I’m Going Back To Old Kentucky #118

From October 1, 2010 through to the end of September 2011, we will, each day, celebrate the life of Bill Monroe by sharing information about him and those people who are associated with his life and music career. This information will include births and deaths; recording sessions; single, LP and CD release dates; and other interesting tidbits. Richard F. Thompson is responsible for the research and compilation of this information. We invite readers to share any tidbits, photos or memories you would like us to include.

  • January 26, 1937 Ted Lundy was born in Galax, Virginia. Lundy, playing the banjo, did a fill-in job with the Blue Grass Boys during 1959.
  • January 26, 1948 Single released – Shine Hallelujah, Shine / I’m Travelling On And On (Columbia 38078, 78rpm , 20402), featuring the Blue Grass Quartet; Lester Flatt, Bill Monroe, Earl Scruggs and Howard Watts (Cedric Rainwater).
  • January 26, 1952 Douglas Michael ‘Doug’ Hutchens was born in Stuart, Virginia.  *
  • January 26, 1983 Recording session –  During an afternoon session at Burns Station Sound, 211 East College St., Burns, Tennessee, Bill Monroe and Waylon Jennings recorded With Body and Soul for the LP Bill Monroe and Friends, released on January 12, 1984. The duo were assisted by Wayne Lewis and Gary Scruggs [both playing guitar], Blake Williams [banjo], Mark Hembree [bass], and Kenny Baker and Buddy Spicher [both playing the fiddle]. The producer was Walter Haynes.
  • January 26, 2009 Enos Johnson died of a stroke in Gatlinburg, Tennessee. He was 80 years old.  **

* The regular bass player at that time, Hutchens, occasionally played the banjo in a three or four month spell starting in June 1971.

He remained close to Bill Monroe after leaving the band, organizing several birthday tributes to him.

A graduate of Morehead State University, Kentucky, and Eastern Kentuck Richmond, Kentucky, Hutchens is an instructor in Technical Education in Stokes, North Carolina.

Hutchens was the Morning Man at WHEO Radio, Stuart, Virginia, and, between October 1987 and May 1993, he was a consultant at Gibson with re-designing the banjo line as part of his duties.

** Johnson was one of several guitarists who played in the Blue Grass Boys during 1957. Born in east Tennessee, he learned to play both guitar and mandolin.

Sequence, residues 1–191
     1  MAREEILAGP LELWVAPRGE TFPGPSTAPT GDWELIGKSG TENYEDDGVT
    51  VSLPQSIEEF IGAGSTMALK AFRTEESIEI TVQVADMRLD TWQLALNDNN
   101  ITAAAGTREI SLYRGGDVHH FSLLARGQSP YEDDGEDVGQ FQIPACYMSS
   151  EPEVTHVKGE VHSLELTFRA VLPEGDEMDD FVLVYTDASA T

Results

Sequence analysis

While working on radio for grocery store entrepreneur Cas Walker on WCRK in Morristown, Tennessee, Johnson met Jimmy Martin, and the two of them formed a duet. They left WCRK and went north to WPFB in Middletown, Ohio, where they worked with Smokey Ward.

He and Martin split up and Johnson started working with Sonny Osborne and Carlos Brock at WPFB. He was part of Sonny Osborne’s band, playing mandolin and doing quite a bit of the lead singing, when they recorded for Kentucky and Gateway Records in Cincinnati.

The band eventually moved to Knoxville, Tennessee, but Johnson quit because he had a family and needed the security of a day job.

In the 1970s, he entertained tourists in Gatlinburg, Tennessee, with Jack Grooms and the Smoky Mountain Travelers. He was owner of Johnson’s Upholstery, a business that he ran since 1970, in Gatlinburg, when he passed away.

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About the Author

Richard Thompson

Richard F. Thompson is a long-standing free-lance writer specialising in bluegrass music topics. A two-time Editor of British Bluegrass News, he has been seriously interested in bluegrass music since about 1970. As well as contributing to that magazine, he has, in the past 30 plus years, had articles published by Country Music World, International Country Music News, Country Music People, Bluegrass Unlimited, MoonShiner (the Japanese bluegrass music journal) and Bluegrass Europe. He wrote the annotated series I'm On My Way Back To Old Kentucky, a daily memorial to Bill Monroe that culminated with an acknowledgement of what would have been his 100th birthday, on September 13, 2011.